Red Rapids to Burntland Brook
Gas Station Chalet Camp to Hegge Noodles Camp
ECT miles: 23.1
Total miles: 2390.2
Elevation change: 673ft gain, 587ft loss
Why are we here? That was the question of the day. It’s not a new muse by any means. I think that anyone in the middle of a long journey will at some point ask the ‘why’, whether it be during a thru-hike or after a long sit in front of a desk. When the going gets hard, we ask “why?” And the answer isn’t always obvious. This morning, with the future of our hike in limbo, this question was achingly relevant and the answer disgustingly abstract. Could my eternal optimism inspire the mental gymnastics needed to twist this painful road walking into a worthy endeavor? Even in the afternoon, as SpiceRack and I cruised on a thin whisper of rekindled hope, I chuckled to myself about the shaky logic and insidious ego that had me pounding pavement in Nowhere, Canada instead of spending my precious summer in the Sierra mountains that I love so much. Blisters in New Brunswick, or peak-bagging in Yosemite? The answer seemed obvious, yet here I was on this crazy, awesome, brutal adventure. Why?
With our emphasis on recovery rather than hiking huge miles, there was no reason to observe the usual alarm this morning. Traffic on the nearby road eventually rustled me out of a log-like sleep, but Spice was in deeper, and hanging on tighter to her dreams. I gazed with unseeing eyes at the blue tent canopy, burning much too brightly for this early in the morning. My mind was quick to recap our options for moving forward. I still liked our plan to switch shoes and see how the first five miles went, but I was overwhelmed with the myriad of other options that my brain had cooked up in the night. They all sucked, and Spice’s feet would have the final say. The clouds were clearing to blue by the time we got up and moving around 8am. We bought some oj, coffee, and cookies from the store, calling jinx when we said, “breakfast of champions” in unison. We lingered a little longer, scrutinizing the strange coins in my palm, but then there was nothing else to do. It was time to hike. Time to figure out if our plan would get us where we needed to go.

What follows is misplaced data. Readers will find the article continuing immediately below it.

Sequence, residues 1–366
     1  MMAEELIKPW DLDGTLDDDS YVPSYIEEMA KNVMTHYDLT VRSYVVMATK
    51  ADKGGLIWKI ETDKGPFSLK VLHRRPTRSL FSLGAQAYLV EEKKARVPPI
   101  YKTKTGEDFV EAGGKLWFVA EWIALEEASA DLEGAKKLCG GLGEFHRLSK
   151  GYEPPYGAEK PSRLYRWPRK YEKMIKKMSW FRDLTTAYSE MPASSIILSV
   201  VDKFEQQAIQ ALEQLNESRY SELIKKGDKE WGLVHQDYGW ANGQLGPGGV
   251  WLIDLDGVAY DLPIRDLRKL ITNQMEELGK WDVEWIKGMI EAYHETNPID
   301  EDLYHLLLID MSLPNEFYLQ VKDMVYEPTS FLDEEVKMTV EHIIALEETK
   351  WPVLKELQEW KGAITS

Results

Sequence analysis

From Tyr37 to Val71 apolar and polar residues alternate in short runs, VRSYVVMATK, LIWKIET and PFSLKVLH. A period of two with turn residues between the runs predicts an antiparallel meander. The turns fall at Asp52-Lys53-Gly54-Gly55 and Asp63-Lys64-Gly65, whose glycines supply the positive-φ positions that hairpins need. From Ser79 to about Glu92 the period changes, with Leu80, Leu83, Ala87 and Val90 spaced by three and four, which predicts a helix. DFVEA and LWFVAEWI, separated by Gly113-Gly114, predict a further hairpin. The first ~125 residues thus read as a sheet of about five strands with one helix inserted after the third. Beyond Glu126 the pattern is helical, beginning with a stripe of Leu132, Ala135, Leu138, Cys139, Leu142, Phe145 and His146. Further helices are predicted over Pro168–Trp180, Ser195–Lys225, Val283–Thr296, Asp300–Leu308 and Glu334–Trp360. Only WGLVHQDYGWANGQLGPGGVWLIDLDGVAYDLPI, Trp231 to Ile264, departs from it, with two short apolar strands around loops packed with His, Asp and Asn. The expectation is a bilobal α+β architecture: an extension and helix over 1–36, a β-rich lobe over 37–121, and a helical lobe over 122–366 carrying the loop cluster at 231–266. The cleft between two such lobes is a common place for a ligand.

Spice’s feet were immeasurably more comfortable in my larger shoes, and she got up to speed quickly with just the occasional zing. My toes felt a little squished in her shoes, but as long as there was no downhill to contend with, I was confident that I would keep all of my toenails. Fortunately, there wasn’t even the hint of elevation change for at least the next week. Thank you, New Brunswick. We followed the beautiful railroad bed-turned ATV road in fragile anticipation. So far so good, but the day was young, and trail pain is patient.